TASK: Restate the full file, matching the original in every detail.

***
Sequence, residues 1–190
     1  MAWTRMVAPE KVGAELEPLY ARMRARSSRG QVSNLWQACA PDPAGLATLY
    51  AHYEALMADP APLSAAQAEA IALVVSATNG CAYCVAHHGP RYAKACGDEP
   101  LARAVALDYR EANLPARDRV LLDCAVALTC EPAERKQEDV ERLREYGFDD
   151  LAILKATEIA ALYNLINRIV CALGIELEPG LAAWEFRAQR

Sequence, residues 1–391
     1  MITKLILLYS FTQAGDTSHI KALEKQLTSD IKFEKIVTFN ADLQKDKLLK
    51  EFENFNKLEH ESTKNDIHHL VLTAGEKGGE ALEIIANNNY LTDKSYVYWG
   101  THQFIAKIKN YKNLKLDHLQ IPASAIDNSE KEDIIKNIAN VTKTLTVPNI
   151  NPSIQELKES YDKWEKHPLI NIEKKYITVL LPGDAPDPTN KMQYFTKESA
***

Sequence, residues 1–190
     1  MAWTRMVAPE KVGAELEPLY ARMRARSSRG QVSNLWQACA PDPAGLATLY
    51  AHYEALMADP APLSAAQAEA IALVVSATNG CAYCVAHHGP RYAKACGDEP
   101  LARAVALDYR EANLPARDRV LLDCAVALTC EPAERKQEDV ERLREYGFDD
   151  LAILKATEIA ALYNLINRIV CALGIELEPG LAAWEFRAQR

Sequence, residues 1–391
     1  MITKLILLYS FTQAGDTSHI KALEKQLTSD IKFEKIVTFN ADLQKDKLLK
    51  EFENFNKLEH ESTKNDIHHL VLTAGEKGGE ALEIIANNNY LTDKSYVYWG
   101  THQFIAKIKN YKNLKLDHLQ IPASAIDNSE KEDIIKNIAN VTKTLTVPNI
   151  NPSIQELKES YDKWEKHPLI NIEKKYITVL LPGDAPDPTN KMQYFTKESA